I do however understand that my actions might impact others and that others might react in a way that impacts me. My actions are moderated not only by law, but also by my own understanding of how others might react to me. A great example of this is watching children in the playground, or in Kindy. My own child for example went to Kindy, tried to snatch a toy, and got a pair of plastic scissors scraped on her face by the kid she snatched from. A great life lesson, action->reaction snatching toy does not necessarily result in benefit to me.

Only you have inserted this "universal" essence to the obligation. Nowhere in this thread is a term indicating a quality like that used prior to you bringing it up. You're contrasting a point not made by anyone. Whenever morality is the topic, you seem to want to steer definitions and ideas in ways others weren't using them.

Just like before with ought and expectations.. If I think you ought to give the guy you saw leave his wallet on the counter his wallet back.. it doesn't mean I expect you to do or expect you will do it.

Do you think you follow suit by following the social order in order to maintain the social order in a general sense? In that manner, you're following moral obligations of a social contract type of society. You can deny you have impact in this moral chain of systems, but denial doesn't make something not occurring.

"Allow there to be a spectrum in all that you see" - Neil Degrasse Tyson
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21-11-2014, 12:08 AM
RE: Morals, Christianity, Atheism
(20-11-2014 10:47 PM)ClydeLee Wrote:  Do you think you follow suit by following the social order in order to maintain the social order in a general sense?
No that is not why I follow suit.
I obey laws because I don't want to go to prison.
I obey some social rules because I want some people to trust me.
I am not doing anything out of <unqualified> obligation.
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21-11-2014, 07:05 AM (This post was last modified: 21-11-2014 07:29 AM by Tomasia.)
RE: Morals, Christianity, Atheism
(20-11-2014 03:38 PM)Chas Wrote:  In the real world, we are obligated to follow the rules of society or risk various levels of opprobrium.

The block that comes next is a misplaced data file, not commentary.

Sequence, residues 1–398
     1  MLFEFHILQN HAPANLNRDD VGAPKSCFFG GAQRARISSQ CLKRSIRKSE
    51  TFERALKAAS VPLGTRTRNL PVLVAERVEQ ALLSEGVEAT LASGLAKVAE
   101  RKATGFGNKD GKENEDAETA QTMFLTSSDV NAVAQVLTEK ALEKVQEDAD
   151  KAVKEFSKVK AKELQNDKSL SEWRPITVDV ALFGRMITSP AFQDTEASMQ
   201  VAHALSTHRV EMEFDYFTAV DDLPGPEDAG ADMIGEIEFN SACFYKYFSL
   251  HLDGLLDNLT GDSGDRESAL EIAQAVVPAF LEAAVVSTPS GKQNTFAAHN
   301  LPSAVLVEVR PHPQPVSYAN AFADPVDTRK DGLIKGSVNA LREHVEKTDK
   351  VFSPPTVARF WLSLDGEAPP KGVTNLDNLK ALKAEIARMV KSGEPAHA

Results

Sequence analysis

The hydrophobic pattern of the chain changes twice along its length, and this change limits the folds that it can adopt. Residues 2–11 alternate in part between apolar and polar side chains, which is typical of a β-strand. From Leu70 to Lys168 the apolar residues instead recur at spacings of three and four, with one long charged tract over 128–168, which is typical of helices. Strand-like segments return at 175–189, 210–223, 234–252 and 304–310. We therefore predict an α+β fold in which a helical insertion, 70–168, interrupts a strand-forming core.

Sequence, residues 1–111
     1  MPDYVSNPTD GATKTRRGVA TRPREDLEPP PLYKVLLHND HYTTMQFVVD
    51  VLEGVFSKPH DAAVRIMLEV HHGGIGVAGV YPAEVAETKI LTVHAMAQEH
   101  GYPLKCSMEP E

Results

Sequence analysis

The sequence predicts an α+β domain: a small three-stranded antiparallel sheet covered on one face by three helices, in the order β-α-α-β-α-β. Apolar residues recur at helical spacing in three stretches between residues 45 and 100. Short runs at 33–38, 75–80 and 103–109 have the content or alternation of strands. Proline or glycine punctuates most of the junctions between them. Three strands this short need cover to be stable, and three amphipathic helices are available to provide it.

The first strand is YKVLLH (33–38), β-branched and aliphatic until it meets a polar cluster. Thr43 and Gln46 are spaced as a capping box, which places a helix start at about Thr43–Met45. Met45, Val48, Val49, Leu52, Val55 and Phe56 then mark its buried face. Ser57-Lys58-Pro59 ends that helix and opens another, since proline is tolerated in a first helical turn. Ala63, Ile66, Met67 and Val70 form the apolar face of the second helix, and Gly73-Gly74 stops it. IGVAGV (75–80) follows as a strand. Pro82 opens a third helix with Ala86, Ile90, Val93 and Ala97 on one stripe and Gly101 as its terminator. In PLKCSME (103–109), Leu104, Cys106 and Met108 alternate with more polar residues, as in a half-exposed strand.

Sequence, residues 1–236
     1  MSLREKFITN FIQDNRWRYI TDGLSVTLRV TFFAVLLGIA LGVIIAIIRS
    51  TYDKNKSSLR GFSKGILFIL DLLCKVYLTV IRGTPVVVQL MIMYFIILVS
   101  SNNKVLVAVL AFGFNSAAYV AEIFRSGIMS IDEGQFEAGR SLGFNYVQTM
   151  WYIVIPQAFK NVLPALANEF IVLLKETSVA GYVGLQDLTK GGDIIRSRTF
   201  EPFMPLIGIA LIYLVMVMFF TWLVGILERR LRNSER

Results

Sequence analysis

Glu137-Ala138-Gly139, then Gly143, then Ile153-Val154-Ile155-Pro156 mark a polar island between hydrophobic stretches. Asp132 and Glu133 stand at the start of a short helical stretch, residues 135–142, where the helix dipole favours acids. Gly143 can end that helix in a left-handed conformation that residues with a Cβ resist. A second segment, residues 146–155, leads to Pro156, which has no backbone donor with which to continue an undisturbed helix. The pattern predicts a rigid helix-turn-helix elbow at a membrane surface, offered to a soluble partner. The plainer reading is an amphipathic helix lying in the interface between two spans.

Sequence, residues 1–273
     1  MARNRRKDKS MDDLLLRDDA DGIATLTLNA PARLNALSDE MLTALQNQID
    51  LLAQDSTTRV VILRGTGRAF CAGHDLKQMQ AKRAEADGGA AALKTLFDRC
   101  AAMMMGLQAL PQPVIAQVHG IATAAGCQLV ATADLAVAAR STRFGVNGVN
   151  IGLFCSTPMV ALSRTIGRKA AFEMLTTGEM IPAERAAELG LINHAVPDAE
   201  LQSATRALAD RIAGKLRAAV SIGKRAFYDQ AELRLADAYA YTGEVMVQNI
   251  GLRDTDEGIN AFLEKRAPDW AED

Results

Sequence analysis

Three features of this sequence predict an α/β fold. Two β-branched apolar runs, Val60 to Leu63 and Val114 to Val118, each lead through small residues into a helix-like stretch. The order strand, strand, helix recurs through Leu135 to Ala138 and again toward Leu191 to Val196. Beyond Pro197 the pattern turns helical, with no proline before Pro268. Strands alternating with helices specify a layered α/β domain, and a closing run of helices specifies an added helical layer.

And, yes, you had no choice to be born into the society in which you were, or to be born at all. Tough shit.

Or in other words, in the real world there are laws, such as don't litter, or park in a place longer then two hours, don't buy drugs, or use them, or you'll risk various penalties such as fees, and prison time.

But I'm guessing the rules you have in mind are not just legal requirements? If so can you name an obligation, a rule that all individuals in a society have, even though no legal obligation exists?

And is your argument for these rules, that it's the fact that there are consequences that make them rules?
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21-11-2014, 07:18 AM (This post was last modified: 21-11-2014 07:21 AM by Tomasia.)
RE: Morals, Christianity, Atheism
(20-11-2014 04:52 PM)cjlr Wrote:  You appear to have misunderstood me - and quite thoroughly, at that.

Saying "ought" expresses, fundamentally, a preference. This is not the same as an expectation. Do you understand the difference?

Ah, here lies the rub.

An ought is a duty, not a preference.

To speak of ought as a preference, would be no different than to speak of laws as a preference, i.e there should be a law banning men from wearing skinny jeans. It's the difference between saying i wish we had moral obligations, and believing we actually do have moral obligations. It's the difference between wishing we were bound to certain principles, and believing that we are in fact bound to these certain principles.